An Overview of Key Cultural Events in 2010 by Petra Tomljanović
The end of the year is a time for stocktaking – for looking back at events which have made the year interesting. That’s probably because we like to keep things under control, or perhaps because it’s easier to be wise after the event, or to see how far we’ve come in achieving our plans – or simply because we like to have our place within a certain context. Although the act of looking back might seem somewhat pitiful, at the basis of such behavior is a very simple reaction: learning from your mistakes in the hope that next year you’ll be smarter and that you won’t be haunted by the ghosts of the past. As for public events, more specifically cultural events, they are always submitted to subjective evaluation of importance, to expressions of personal displeasure with certain events or simply with media coverage of the events. Hence, the following list of key events in 2010:
1. The End of the Battle for Warsaw Street
Because state institutions weren’t really into dealing with issues stemming from Horvatničić’s project “Cvjetni prolaz”, the people took it upon themselves to fight the battle and prevent the construction of an entrance to an underground garage. In order to prevent the construction of the garage entrance which would take away a significant part of the pedestrian zone, the public decided to try its hand at civil disobedience, and this went on for several months. Although the goals were ardently, righteously and legitimately set, the protests were put to an end with arrests and the work was light-heartedly continued. For more on last year’s events in Warsaw Street click here.
2. The Sinking of the Croatian Pavilion for Venice Biennale
The first Croatian floating pavilion has, unfortunately, shown a mismatch between ideas and possibilities. In the stormy night of August 28, the south wind put an end to the journey of this “three-dimensional drawing”, just hours away from the dawn of potential Croatian success. The event brought to mind the sad destiny of Ivica Kičmanović. For more on the troubles of the pavilion click here.
3. Politics at the Theater: out with Senka Bulić, in with Duško Mucalo
Politics can be found in the oddest of places – this was illustrated by the debacle of Kerum’s despotism in Split when he appointed Mucalo as the manager of the Croatian National Theater. Local government in Velika Gorica has come to an equally incredible conclusion when it relieved Senka Bulić of her duty as the manager of Community College and Gorica Theater despite the fact that her program has been successful. It has once again been shown that excellence isn’t relevant when politics are at play.
4. And the Award Goes to… Croatian Designers!
It has certainly been a very successful year for Croatian designers, starting with Austrian/Croatian Numens who enchanted the world with their ingenious Tape Installation, won awards across Europe, and rounded up the year with the prestigious Red Dot Award. The Red Dot was also awarded to Šesnić & Turković for the best exposition design “At Cuculić’s”, and Marko Pavlović began manufacturing his didactic toy “The Sphere”. We should also mention the extraordinarily talented students from the School of Design in Zagreb who won numerous international awards.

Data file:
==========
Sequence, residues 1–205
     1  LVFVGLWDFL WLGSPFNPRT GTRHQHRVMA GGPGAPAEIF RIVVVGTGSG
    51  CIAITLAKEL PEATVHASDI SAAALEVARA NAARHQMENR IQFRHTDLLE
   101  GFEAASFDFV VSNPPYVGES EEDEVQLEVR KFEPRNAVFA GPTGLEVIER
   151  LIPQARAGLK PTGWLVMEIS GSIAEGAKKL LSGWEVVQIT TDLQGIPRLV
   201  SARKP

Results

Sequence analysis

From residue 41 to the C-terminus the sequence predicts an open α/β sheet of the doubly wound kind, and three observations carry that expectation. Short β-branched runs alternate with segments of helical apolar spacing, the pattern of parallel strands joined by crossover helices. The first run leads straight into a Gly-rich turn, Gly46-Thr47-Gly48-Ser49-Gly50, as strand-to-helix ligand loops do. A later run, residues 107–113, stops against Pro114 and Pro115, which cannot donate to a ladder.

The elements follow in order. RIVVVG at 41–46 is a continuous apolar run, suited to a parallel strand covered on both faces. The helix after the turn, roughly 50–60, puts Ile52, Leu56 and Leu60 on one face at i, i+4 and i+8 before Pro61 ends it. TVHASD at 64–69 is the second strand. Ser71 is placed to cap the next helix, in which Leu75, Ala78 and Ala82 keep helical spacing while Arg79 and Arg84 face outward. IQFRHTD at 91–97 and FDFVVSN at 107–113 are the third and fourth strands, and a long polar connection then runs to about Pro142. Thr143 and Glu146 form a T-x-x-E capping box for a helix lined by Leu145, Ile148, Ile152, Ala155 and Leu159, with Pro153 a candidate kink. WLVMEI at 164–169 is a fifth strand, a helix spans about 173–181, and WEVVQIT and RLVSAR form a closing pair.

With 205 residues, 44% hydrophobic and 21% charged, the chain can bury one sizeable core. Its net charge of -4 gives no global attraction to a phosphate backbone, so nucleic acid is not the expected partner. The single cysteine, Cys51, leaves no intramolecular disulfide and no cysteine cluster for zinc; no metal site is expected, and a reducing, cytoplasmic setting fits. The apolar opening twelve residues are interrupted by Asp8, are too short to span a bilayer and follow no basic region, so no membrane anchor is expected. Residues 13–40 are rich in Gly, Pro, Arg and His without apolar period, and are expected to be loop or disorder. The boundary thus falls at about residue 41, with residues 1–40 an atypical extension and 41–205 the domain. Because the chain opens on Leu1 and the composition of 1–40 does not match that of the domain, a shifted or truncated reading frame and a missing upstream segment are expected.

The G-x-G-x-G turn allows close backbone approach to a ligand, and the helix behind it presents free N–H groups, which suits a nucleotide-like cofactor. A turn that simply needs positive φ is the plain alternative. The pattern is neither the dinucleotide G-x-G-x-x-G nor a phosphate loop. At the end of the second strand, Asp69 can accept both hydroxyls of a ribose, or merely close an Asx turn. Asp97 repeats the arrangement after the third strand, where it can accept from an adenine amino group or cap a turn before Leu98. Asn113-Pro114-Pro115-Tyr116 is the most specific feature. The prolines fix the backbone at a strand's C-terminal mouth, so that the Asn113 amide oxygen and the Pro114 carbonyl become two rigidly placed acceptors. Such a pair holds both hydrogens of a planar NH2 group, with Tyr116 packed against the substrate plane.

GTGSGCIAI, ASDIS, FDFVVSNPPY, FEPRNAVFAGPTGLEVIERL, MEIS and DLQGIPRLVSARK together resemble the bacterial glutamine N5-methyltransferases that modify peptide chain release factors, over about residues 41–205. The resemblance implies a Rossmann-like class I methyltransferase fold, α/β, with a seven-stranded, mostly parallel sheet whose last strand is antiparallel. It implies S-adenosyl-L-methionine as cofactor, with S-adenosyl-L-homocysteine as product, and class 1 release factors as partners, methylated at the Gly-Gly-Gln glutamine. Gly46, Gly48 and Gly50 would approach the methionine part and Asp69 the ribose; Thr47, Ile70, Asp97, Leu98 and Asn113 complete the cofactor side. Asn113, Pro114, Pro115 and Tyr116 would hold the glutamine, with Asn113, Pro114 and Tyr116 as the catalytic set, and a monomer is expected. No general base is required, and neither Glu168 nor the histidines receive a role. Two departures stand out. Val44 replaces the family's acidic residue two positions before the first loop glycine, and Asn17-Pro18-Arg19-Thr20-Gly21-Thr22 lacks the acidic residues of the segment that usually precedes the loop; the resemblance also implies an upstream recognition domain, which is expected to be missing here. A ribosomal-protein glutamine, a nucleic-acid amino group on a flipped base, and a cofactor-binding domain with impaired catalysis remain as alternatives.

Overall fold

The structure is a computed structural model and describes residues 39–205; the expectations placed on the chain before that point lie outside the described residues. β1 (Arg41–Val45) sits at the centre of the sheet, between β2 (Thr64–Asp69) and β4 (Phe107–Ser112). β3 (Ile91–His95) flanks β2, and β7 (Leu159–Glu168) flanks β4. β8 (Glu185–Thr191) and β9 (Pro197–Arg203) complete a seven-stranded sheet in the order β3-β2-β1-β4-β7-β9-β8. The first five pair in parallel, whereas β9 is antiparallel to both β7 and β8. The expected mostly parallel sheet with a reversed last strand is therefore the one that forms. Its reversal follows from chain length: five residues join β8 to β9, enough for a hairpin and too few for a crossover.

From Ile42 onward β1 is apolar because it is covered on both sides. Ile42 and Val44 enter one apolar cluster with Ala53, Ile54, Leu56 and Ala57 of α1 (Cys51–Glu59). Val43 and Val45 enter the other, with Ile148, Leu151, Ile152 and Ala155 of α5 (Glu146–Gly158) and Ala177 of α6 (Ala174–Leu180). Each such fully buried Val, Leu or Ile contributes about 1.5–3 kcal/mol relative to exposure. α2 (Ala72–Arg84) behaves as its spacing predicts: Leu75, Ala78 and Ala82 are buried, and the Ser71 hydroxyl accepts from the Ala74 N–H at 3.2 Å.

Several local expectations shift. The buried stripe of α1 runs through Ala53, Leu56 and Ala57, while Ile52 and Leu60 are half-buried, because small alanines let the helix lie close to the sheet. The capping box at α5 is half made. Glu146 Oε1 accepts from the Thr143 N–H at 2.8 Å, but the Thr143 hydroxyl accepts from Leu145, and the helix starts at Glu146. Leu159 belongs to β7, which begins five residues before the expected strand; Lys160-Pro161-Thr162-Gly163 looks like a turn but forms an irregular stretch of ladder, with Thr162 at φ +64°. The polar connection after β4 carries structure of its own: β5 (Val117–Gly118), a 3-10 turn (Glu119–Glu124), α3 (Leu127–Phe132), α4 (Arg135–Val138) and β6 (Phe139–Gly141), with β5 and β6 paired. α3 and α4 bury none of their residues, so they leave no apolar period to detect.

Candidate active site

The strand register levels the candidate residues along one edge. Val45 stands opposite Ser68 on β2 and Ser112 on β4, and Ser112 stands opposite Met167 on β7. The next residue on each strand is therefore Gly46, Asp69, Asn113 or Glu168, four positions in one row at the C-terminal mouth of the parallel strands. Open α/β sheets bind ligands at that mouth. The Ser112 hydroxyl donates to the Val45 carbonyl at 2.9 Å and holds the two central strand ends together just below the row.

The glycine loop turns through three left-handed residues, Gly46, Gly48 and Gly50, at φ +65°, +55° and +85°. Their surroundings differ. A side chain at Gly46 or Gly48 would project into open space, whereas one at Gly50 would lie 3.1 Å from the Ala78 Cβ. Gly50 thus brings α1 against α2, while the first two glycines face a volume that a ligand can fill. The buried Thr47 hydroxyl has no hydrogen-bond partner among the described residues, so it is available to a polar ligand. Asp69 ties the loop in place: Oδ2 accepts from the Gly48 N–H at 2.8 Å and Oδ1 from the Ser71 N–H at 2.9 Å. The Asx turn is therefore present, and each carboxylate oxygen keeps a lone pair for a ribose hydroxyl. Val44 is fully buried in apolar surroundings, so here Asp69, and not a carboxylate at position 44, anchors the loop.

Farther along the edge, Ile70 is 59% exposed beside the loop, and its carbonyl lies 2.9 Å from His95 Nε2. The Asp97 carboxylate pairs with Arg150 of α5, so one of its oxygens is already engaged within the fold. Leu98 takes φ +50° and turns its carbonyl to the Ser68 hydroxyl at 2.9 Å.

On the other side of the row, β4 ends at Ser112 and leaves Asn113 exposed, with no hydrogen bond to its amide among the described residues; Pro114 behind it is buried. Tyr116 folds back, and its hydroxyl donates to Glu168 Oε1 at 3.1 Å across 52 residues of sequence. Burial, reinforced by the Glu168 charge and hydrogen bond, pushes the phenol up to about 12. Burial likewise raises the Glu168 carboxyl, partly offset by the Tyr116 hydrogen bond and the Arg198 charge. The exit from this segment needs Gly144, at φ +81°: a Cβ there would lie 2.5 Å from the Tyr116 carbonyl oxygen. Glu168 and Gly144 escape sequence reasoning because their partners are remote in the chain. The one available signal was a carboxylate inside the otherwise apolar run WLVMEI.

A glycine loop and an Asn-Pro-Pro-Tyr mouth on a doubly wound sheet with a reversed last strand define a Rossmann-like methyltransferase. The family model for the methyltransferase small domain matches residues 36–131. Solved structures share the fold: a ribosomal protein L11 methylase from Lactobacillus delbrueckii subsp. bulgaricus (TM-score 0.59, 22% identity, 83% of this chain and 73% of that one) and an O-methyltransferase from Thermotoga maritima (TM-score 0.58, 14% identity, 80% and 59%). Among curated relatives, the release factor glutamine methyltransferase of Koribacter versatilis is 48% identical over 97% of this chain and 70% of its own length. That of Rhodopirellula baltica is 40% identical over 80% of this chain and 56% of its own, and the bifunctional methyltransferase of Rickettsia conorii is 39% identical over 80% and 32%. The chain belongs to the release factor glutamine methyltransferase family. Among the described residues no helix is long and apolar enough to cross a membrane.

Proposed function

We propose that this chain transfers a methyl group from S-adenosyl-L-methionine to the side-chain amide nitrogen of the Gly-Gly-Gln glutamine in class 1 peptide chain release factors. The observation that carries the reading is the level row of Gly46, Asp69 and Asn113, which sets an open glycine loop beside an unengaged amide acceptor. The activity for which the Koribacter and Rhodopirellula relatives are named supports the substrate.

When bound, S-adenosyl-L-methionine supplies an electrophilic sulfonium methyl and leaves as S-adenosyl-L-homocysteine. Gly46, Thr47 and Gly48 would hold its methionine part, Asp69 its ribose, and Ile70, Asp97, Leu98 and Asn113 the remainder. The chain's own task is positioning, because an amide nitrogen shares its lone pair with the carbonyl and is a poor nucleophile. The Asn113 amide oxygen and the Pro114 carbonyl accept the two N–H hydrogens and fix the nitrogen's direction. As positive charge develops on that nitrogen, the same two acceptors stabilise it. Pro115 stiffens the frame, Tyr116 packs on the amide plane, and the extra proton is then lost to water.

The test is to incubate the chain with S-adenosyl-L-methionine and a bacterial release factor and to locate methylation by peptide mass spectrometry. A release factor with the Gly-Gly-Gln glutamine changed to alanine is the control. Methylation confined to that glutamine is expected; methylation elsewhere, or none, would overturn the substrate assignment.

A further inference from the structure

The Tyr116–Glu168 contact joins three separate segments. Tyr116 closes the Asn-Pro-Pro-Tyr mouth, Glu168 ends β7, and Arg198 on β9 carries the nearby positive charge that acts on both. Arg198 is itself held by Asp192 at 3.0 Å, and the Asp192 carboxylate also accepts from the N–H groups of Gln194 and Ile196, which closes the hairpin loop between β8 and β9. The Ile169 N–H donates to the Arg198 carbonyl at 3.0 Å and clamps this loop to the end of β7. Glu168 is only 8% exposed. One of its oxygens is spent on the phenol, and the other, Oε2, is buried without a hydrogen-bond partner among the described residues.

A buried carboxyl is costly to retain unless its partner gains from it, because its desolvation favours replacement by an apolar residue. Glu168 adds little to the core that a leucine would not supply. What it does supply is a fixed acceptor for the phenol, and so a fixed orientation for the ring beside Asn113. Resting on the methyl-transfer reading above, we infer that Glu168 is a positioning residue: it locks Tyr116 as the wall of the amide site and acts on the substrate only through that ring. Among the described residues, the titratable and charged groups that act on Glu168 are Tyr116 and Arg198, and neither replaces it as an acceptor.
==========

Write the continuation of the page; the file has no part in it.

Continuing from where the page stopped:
5. Labrović: the Man at the Center of Attention
Siniša Labrović wanted to fist fight with the minister of culture, he sold his own skin, and he urinated on Marko Square – and that was last year alone. Although the quality of his performances went up and down, he showed that performers are very much alive, and that politics can be a never-ending inspiration. To see the timeline of his performances last year click here.
6. First Museum of Street Art
Although in contradiction with the very notion of street art, the Museum of Street Art brought together painters in Branimir Street in May to educate the public on street art and to motivate people to exchange ideas. Hopefully, this event has changed some people’s view of street art as vandalism. For more click here.
photo: Domagoj Blažević
7. Gilbert & George at the Museum of Contemporary Art
Two charming British artists visited Zagreb in June and hosted a garden party where they talked with their fans and then opened their “Jack Freak Pictures” exhibition at the Museum of Contemporary Art. It’s one of few exhibits at MCA from the most famous contemporary artists in the world. For more click here.
8. The Museum of Broken Relationships
After years of wandering around the world, the unconventional and rather humorous Museum of Broken Relationships finally got its place in Gornji grad in October. Although it was presented as part of the Zagreb Saloon in 2006, with only several exhibits inside a container, the concept has somewhat unexpectedly outgrown its limitations and turned into one of the most exploited cultural/advertising stories of the year. However, the Museum also presents a very intelligent awareness of market trends. For more click here.
9. Helena Paver-Njirić’s Installation “Moire” at the Opening of Roma’s Museum of Contemporary Art
Fortunately, at least one “three-dimensional drawing” made it safely to the most anticipated museum of the year – Roma’s MAXXI Museum of Contemporary Art, a Zaha Hadid project. Helena Paver-Njirić’s installation “Moire” showed fresh thinking and justified all expectations. For more click here.
10. The Death of Bogdan Bogdanović
For the most part, he was misunderstood in various political systems, and his opus has only recently been reevaluated to show his work in light of primordial forms, folklore, and extraordinary aspiration for forgiveness and peace. For more click here.
foto: Marko Krojač
With traditional budget cuts in culture, this year, if we look back at last year, could make a turn for the better. Well, one can always hope.